Using peptide substrate analogs to characterize a radical intermediate in NosN catalysis

Research output: Chapter in Book/Report/Conference proceedingChapter


Nosiheptide is a ribosomally produced and post-translationally modified thiopeptide antibiotic that displays potent antibacterial activity in vitro, especially against Gram-positive pathogens. It comprises a core peptide macrocycle that contains multiple thiazole rings, dehydrated serine and threonine residues, a tri-substituted 3-hydroxypyridine ring and several other modifications. Among these additional modifications includes a 3,4-dimethyl-2-indolic acid (DMIA) moiety that bridges Glu6 and Cys8 of the core peptide to form a second smaller ring system. This side-ring system is formed by the action of NosN, a radical S-adenosylmethionine (SAM) enzyme that falls within the class C radical SAM methylase (RSMT) family. However, the true function of NosN is to transfer a methylene group from the methyl moiety of SAM to C4 of 3-methylindolic acid (MIA) attached in a thioester linkage to Cys8 of the core peptide to set up a highly electrophilic species. This species is then trapped by the side chain of Glu6, resulting in formation of a lactone and the side-ring system. The NosN reaction requires two simultaneously bound molecules of SAM. The first, SAMI, is cleaved to generate a 5′-deoxyadenosyl 5′-radical, which abstracts a hydrogen atom from the methyl group of the second molecule of SAM, SAMII. The resulting SAMII radical is believed to add to C4 of MIA, affording a radical intermediate on the MIA substrate. Herein we describe synthetic approaches that allow detection of this radical by electron paramagnetic resonance (EPR) spectroscopy.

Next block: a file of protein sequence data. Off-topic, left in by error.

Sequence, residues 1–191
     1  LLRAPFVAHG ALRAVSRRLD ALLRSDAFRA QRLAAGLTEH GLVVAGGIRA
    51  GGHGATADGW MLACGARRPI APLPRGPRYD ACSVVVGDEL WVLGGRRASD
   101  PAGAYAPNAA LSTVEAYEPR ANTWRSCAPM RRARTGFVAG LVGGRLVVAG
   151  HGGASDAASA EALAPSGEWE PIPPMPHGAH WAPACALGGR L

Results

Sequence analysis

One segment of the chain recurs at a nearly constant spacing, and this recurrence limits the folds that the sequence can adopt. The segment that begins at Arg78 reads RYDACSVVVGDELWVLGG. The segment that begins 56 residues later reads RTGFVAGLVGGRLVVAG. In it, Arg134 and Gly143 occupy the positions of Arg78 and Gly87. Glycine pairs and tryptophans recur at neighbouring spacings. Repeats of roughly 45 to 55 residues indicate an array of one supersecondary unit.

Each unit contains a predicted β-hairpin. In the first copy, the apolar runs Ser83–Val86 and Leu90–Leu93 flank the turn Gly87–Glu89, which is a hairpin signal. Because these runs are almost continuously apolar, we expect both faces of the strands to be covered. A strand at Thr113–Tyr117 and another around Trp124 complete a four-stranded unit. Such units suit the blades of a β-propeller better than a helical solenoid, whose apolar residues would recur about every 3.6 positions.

Original languageEnglish (US)
Title of host publicationAdvances in Biomolecular EPR
PublisherAcademic Press Inc.
Number of pages19
StatePublished - Jan 2022

Publication series

NameMethods in Enzymology
ISSN (Print)0076-6879
ISSN (Electronic)1557-7988

All Science Journal Classification (ASJC) codes

  • Biochemistry
  • Molecular Biology


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